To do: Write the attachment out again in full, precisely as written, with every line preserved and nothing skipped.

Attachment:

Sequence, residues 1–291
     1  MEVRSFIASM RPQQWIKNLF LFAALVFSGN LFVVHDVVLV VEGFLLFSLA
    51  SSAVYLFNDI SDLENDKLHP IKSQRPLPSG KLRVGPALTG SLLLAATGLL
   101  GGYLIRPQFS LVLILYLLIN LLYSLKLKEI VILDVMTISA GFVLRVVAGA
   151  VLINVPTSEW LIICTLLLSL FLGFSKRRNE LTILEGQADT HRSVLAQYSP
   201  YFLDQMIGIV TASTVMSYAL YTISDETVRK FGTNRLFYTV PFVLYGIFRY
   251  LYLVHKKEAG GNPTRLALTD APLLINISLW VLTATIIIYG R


Sequence, residues 1–291
     1  MEVRSFIASM RPQQWIKNLF LFAALVFSGN LFVVHDVVLV VEGFLLFSLA
    51  SSAVYLFNDI SDLENDKLHP IKSQRPLPSG KLRVGPALTG SLLLAATGLL
   101  GGYLIRPQFS LVLILYLLIN LLYSLKLKEI VILDVMTISA GFVLRVVAGA
   151  VLINVPTSEW LIICTLLLSL FLGFSKRRNE LTILEGQADT HRSVLAQYSP
   201  YFLDQMIGIV TASTVMSYAL YTISDETVRK FGTNRLFYTV PFVLYGIFRY
   251  LYLVHKKEAG GNPTRLALTD APLLINISLW VLTATIIIYG R